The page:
The Rotax Festival, an event that I’m very familiar with after competing at the venue for the past five years. Consistency is important if not essential for success as well as outright speed. I had both this year but ended up having to muscle my way up the field in the final. How? Well to answer that, let’s start at the beginning of the story… 

We turned up on Saturday for testing with a huge task ahead of us. With a national shortage of the regulation Mojo D5 slick tyre, the rather unloved Maxxis Sport rubber would be used as an obtainable substitute for the meeting. It’s a tyre which the majority of the drivers are unfamiliar with so these test sessions would be vital to get a good baseline for the setup. 

With this tyre there were several set up changes that were carried out over the course of the day after our initial configuration from the morning. It was difficult to gauge where my competitors were regarding pace, but I felt comfortable with the kart so I wasn’t overly concerned in what the others were doing.  

Sunday. Race day. With slightly overcast weather we prepared for the first serious business of the day. Qualifying. 

We decided to take a flyer at it and gambled slightly with our tyre pressures. This turned out to be a mistake… 

Maciej Hamera, KR Sport Racing Team, Image Supplied by Matt Gale at Behind The Fence Photography 

That mistake in qualifying cost us but seventh was still a good effort in kart which was unstable under braking and turn in. This P7 on the grid wasn’t ideal with the overtaking difficulties caused by the stiff, hard and ultimately low grip Maxxis tyre but I was still looking forward to the races, as per usual.  

The rolling lap was completed in quick time, and we got ready for the lights to go out. The revs rose and we finally did get going, although my engine had a bit of a cough which caused me to lose a place. However apart from this, the race was uneventful with me completing two overtaking moves before settling for sixth.

Our speed wasn’t the problem, we had plenty of that, but the tyres were very equal when cold which made it very difficult to overtake drivers.  We had to stay out of trouble and have slightly better starts, if we could do this, the race win was on the cards.

And I did just that in the pre-final. Err, not.

Maciej Hamera, KR Sport Racing Team, Image Supplied by Matt Gale at Behind The Fence Photography 

Again, the formation lap finished as quickly as it began, and we started rolling towards start line.  The revs rose to a comfortable eight and a half thousand RPM as we all got in the zone.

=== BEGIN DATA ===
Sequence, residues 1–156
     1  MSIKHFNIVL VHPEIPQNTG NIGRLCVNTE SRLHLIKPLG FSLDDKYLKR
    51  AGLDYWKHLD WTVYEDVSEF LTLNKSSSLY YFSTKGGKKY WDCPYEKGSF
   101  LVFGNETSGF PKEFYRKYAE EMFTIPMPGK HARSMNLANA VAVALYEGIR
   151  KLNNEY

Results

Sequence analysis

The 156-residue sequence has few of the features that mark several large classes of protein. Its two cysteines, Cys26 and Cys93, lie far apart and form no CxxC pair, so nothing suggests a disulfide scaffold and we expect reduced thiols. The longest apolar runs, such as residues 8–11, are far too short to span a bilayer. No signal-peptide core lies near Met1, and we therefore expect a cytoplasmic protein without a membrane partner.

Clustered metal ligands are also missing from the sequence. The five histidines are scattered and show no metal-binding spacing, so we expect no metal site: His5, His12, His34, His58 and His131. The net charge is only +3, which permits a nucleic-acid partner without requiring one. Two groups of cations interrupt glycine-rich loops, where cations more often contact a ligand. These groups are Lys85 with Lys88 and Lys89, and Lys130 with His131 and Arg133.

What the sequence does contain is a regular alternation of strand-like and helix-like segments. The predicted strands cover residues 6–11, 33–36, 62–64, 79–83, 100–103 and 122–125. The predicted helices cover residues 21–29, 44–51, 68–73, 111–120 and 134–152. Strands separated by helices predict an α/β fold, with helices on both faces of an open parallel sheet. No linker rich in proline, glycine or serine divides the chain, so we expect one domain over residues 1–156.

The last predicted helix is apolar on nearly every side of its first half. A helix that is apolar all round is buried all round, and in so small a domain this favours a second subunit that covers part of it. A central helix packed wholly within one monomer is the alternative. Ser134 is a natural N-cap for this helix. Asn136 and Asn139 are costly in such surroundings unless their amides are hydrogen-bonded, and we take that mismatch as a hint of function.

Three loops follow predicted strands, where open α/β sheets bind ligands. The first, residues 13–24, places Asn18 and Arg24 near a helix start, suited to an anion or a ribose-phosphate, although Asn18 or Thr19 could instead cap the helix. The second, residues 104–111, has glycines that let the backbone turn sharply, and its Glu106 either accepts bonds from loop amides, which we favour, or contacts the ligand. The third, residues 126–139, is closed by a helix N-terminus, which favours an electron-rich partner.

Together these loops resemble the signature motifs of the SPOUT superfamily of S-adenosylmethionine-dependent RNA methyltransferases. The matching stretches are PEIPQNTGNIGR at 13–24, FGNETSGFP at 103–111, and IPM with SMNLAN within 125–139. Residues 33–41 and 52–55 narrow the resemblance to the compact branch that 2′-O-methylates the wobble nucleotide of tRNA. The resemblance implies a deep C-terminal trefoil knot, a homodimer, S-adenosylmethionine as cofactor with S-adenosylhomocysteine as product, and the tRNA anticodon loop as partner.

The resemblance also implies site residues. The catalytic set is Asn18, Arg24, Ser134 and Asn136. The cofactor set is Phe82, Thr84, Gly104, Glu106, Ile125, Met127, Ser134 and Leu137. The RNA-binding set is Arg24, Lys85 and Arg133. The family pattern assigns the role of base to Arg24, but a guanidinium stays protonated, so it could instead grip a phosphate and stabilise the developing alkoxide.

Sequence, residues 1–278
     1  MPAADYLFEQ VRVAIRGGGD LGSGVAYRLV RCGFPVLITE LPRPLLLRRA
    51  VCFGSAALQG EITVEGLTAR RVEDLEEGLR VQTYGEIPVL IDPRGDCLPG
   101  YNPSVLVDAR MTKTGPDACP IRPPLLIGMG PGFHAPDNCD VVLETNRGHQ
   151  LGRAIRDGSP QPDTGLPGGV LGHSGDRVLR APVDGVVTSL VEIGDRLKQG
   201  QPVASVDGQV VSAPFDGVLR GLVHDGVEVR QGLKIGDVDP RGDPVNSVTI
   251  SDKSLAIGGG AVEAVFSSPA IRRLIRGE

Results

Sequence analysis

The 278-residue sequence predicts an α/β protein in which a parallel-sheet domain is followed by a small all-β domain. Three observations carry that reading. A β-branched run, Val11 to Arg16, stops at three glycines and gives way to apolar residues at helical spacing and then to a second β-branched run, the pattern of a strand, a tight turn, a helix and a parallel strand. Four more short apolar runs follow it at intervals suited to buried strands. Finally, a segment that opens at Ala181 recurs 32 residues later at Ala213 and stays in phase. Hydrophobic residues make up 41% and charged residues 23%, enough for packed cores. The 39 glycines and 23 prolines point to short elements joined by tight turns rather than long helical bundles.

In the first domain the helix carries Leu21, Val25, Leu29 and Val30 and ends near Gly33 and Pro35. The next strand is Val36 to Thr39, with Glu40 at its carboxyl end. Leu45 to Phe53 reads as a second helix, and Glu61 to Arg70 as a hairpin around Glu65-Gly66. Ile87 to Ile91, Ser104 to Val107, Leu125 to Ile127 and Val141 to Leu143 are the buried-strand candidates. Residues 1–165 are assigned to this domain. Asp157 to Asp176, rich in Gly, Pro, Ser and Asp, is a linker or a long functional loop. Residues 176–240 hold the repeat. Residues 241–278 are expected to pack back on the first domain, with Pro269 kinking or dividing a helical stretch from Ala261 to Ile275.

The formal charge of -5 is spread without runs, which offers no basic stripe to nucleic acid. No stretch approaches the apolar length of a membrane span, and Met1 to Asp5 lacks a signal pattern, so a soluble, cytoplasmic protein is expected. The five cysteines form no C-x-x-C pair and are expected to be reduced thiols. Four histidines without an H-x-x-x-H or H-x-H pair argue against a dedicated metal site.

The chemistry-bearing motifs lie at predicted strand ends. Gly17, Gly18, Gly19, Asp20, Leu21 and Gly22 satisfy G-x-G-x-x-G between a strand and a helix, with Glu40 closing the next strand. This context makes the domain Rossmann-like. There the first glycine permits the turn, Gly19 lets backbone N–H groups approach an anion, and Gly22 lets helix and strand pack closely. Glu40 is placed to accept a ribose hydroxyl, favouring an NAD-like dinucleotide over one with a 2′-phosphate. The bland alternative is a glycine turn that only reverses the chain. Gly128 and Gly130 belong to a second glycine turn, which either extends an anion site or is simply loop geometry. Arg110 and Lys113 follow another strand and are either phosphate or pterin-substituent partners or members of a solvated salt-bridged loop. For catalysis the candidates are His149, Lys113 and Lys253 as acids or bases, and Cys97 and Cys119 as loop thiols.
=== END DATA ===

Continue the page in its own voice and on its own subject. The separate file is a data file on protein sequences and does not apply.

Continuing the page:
My start was good, but not brilliant. I gained a place as I slipped past the driver in fifth on to the run to turn one. The driver behind me also had a good start and drew alongside but I had the inside for the corner. And then the pushing started. 

Bang. Held on to the steering wheel tighter 

Bang. Second time. Corrected the slide. 

Bang. Third time. And this one was terminal as the steering wheel was wrenched from my hand as we turned into the corner, I corrected it before I went off but as both me and my attacker drifted wide, we lost two places. I gained those spots back, but the aggressive attentions of my colleagues weren’t doing me any favours.

Maciej Hamera, KR Sport Racing Team, Image Supplied by Matt Gale at Behind The Fence Photography 

Again, sixth for the final which wasn’t strategically the best option, but it was still pretty good and with my pace I could definitely win. The final was 15 minutes long and, as I was three tenths faster than the leaders in the second half of the race in the pre-final, my chances were looking good. Actually, my chances were looking excellent if I do say so myself. 

But what is it that they say? Expect the unexpected… 

I left the pits for the formation lap in my typical affair of full throttle and opposite lock. But when I got to first corner the engine stopped pulling. In fact, it was cutting out altogether. I was desperate. 

“Please just rev, just clear your throat kart. Give me anything, please!”

The engine disregarded my cries of mercy and didn’t get going until I reached the start finish straight. At least I was in the race. On the downside everybody had already started and were at the first corner when I was just crossing the start line.

As for what followed, it was a drive that would only do justice to Jean Alesi. I passed karts left right and centre to make up ten positions from last to be 16th after only five minutes. Then a rather forceful move by another of my kart racing friends had me over a kerb and this spun me to the back of the field. 

Now I was really angry. And it showed in my driving as I passed kart after kart to finish 13th and setting the fastest lap of the race. By the end of the race I was half a second faster than the leaders and had to perform more than 20 overtakes on track so I was left to rue what might have been. 

I left the circuit dissatisfied with the result as the technical hiccup had completely ruined the weekend. We found the culprit later, a spark plug worth £20. The problem is that you can’t predict when a spark plug will oil up, but my question is this:  

Of all the races, why the final?  

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